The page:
Alena Kostornaia led the way as Russian women swept the medals at the Grand Prix Final, a historic achievement for a nation that has been the dominant force the last six years.
Kostornaia, 16 and in her first senior international season, landed three triple Axels between two programs, tallying 247.59 points, the world’s best score this season.
“It was a challenge for me because it is the fourth competition at the high level [this season],” said Kostornaia, undefeated this fall. “It’s really cool that I can be first.”
She prevailed by 6.67 points on the strength of her short program lead and artistic scores. Her countrywomen landed quadruple jumps in Saturday’s free skate in Turin, Italy.
Russia is the only nation to sweep the medals in one discipline in the 25-year history of the event, the second-biggest annual international competition behind the world championships. It happened once before: Russia’s men in the 1998-99 season.
Kostornaia, last year’s Junior Grand Prix Final champion, was followed in the final standings by fellow pupils of Eteri Tutberidze: Anna Shcherbakova and Alexandra Trusova. NBC Sports analyst Johnny Weir calls them “the Troika.”
Shcherbakova and Trusova, both 15, each landed multiple quads but also fell on quad attempts.
Shcherbakova outscored Kostornaia in the free skate but couldn’t make up the gap from the short, where quads aren’t allowed. Trusova, who came into the event ranked No. 1 in the world, became the first woman to land a quad flip in competition.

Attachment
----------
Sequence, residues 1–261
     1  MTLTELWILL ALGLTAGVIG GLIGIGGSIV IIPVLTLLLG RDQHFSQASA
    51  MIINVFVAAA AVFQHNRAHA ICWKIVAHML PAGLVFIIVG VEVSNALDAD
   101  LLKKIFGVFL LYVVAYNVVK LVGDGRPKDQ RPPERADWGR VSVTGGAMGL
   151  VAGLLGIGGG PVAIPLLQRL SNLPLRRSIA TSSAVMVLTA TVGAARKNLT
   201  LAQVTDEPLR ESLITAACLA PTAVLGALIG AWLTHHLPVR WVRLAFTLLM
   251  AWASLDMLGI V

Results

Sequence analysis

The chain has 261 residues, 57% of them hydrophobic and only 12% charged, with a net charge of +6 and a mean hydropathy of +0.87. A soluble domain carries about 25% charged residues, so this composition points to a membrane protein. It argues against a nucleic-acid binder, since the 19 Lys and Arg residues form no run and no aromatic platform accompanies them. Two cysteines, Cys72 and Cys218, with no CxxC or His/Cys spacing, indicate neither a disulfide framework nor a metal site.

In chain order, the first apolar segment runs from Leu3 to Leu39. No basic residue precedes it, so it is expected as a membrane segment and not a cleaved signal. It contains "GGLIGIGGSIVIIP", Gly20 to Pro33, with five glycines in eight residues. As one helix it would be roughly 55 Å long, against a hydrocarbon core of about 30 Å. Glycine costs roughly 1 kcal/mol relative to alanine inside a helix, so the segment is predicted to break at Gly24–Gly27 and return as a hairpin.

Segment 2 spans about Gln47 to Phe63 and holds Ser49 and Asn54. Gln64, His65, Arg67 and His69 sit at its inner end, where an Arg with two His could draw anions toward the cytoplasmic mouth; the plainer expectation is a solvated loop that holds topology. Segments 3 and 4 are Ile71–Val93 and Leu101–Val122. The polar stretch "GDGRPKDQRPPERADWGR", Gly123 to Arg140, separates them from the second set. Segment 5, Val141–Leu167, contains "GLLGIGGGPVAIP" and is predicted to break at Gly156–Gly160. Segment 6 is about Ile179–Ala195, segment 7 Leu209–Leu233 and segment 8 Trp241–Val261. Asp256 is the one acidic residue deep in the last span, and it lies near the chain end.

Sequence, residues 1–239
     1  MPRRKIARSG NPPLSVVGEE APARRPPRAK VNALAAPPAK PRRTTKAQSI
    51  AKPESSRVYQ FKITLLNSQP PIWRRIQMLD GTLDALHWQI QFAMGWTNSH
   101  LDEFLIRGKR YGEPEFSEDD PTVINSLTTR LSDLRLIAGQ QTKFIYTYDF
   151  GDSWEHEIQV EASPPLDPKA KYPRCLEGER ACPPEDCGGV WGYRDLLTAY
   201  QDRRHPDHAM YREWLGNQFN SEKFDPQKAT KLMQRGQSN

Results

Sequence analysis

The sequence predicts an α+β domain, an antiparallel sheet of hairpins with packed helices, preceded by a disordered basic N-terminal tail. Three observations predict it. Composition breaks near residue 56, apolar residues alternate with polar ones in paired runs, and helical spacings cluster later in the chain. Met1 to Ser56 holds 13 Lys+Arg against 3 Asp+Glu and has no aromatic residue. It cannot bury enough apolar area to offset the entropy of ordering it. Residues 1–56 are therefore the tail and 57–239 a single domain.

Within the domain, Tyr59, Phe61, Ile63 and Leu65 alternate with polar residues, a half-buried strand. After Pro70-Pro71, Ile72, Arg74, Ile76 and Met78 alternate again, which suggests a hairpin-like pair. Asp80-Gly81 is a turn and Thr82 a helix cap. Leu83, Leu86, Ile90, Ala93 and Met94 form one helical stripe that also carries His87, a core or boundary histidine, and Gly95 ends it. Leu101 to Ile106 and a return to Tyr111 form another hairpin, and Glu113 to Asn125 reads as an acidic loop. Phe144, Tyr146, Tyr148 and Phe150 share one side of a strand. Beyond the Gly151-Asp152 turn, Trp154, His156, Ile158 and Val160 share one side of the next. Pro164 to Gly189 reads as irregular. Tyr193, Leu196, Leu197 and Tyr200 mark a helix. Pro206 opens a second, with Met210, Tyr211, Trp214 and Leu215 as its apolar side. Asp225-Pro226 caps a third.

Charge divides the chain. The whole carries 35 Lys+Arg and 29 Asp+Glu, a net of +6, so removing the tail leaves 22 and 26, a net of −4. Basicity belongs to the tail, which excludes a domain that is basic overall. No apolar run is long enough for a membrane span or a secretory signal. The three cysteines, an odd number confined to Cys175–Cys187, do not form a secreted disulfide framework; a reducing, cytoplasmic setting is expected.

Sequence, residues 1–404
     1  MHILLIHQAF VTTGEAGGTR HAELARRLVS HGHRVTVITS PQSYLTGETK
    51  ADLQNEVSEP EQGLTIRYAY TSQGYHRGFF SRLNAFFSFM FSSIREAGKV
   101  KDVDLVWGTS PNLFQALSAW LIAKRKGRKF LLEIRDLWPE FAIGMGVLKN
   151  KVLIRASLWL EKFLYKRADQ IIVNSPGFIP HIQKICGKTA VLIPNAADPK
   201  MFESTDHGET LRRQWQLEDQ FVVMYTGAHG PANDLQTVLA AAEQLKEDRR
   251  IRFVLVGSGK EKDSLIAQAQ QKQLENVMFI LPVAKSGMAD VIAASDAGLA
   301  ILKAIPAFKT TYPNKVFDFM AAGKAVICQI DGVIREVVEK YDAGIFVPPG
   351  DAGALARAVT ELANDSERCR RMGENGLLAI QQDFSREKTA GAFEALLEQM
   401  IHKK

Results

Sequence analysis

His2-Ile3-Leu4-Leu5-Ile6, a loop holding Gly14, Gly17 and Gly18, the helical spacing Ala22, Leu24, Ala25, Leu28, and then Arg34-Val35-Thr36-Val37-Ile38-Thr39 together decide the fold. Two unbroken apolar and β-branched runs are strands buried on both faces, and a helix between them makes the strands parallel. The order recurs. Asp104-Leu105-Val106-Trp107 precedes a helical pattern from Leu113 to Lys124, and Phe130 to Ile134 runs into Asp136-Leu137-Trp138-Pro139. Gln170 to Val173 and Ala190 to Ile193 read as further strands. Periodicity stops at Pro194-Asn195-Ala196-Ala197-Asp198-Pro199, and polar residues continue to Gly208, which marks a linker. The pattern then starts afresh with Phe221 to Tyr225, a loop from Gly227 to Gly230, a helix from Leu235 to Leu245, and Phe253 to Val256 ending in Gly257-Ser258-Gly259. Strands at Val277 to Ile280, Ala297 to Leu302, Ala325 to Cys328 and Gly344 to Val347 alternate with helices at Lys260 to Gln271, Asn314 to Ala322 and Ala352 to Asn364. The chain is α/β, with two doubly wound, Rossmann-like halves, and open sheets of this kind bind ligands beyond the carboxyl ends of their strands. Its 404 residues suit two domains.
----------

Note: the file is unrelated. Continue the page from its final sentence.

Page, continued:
Bradie Tennell, the first American woman in the Grand Prix Final since 2015, had a relatively clean free skate (two under-rotated jumps) and finished fifth in the six-skater field.
Olympic and world champion Alina Zagitova dropped from second after the short to sixth, her worst finish as a senior, after falling in a free skate without a quad or triple Axel.
Earlier in ice dance, French Gabriella Papadakis and Guillaume Cizeron extended their unbeaten run since taking Olympic silver, comfortably bagging their second Grand Prix Final title by 9.17 points.
Americans Madison Chock and Evan Bates and Madison Hubbell and Zachary Donohue were second and third, marking the first time the U.S. put two couples on a Grand Prix Final podium.
Chock and Bates passed Hubbell and Donohue in the free dance to match their best Grand Prix Final result from 2014 and 2015, when they were the U.S.’ top couple.
Grand Prix Final
Gold: Alena Kostornaia (RUS) — 247.59
Silver: Anna Shcherbakova (RUS) — 240.92
Bronze: Alexandra Trusova (RUS) — 233.18
4. Rika Kihira (JPN) — 216.47
5. Bradie Tennell (USA) — 212.88
6. Alina Zagitova (RUS) — 205.23
Gold: Gabriella Papadakis/Guillaume Cizeron (FRA) — 219.85
Silver: Madison Chock/Evan Bates (USA) — 210.68
Bronze: Madison Hubbell/Zachary Donohue (USA) — 207.93
4. Alexandra Stepanova/Ivan Bukin (RUS) — 204.88
5. Piper Gilles/Paul Poirier (CAN) — 203.50
6. Victoria Sinitsina/Nikita Katsalapov (RUS) — 203.39
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